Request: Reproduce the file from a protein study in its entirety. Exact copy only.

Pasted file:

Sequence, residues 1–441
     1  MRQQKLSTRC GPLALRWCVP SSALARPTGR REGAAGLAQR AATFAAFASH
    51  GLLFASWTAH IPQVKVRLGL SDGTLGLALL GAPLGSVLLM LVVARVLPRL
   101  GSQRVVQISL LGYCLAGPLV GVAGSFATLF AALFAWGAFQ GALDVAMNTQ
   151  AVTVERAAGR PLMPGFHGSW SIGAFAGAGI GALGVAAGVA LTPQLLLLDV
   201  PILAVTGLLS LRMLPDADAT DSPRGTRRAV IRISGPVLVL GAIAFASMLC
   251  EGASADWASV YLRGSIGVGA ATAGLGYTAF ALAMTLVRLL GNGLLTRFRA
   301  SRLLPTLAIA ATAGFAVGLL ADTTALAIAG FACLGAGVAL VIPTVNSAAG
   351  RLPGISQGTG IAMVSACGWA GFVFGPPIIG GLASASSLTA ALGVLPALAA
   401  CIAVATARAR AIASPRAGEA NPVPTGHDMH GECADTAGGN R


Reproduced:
Sequence, residues 1–441
     1  MRQQKLSTRC GPLALRWCVP SSALARPTGR REGAAGLAQR AATFAAFASH
    51  GLLFASWTAH IPQVKVRLGL SDGTLGLALL GAPLGSVLLM LVVARVLPRL
   101  GSQRVVQISL LGYCLAGPLV GVAGSFATLF AALFAWGAFQ GALDVAMNTQ
   151  AVTVERAAGR PLMPGFHGSW SIGAFAGAGI GALGVAAGVA LTPQLLLLDV
   201  PILAVTGLLS LRMLPDADAT DSPRGTRRAV IRISGPVLVL GAIAFASMLC
   251  EGASADWASV YLRGSIGVGA ATAGLGYTAF ALAMTLVRLL GNGLLTRFRA
   301  SRLLPTLAIA ATAGFAVGLL ADTTALAIAG FACLGAGVAL VIPTVNSAAG
   351  RLPGISQGTG IAMVSACGWA GFVFGPPIIG GLASASSLTA ALGVLPALAA
   401  CIAVATARAR AIASPRAGEA NPVPTGHDMH GECADTAGGN R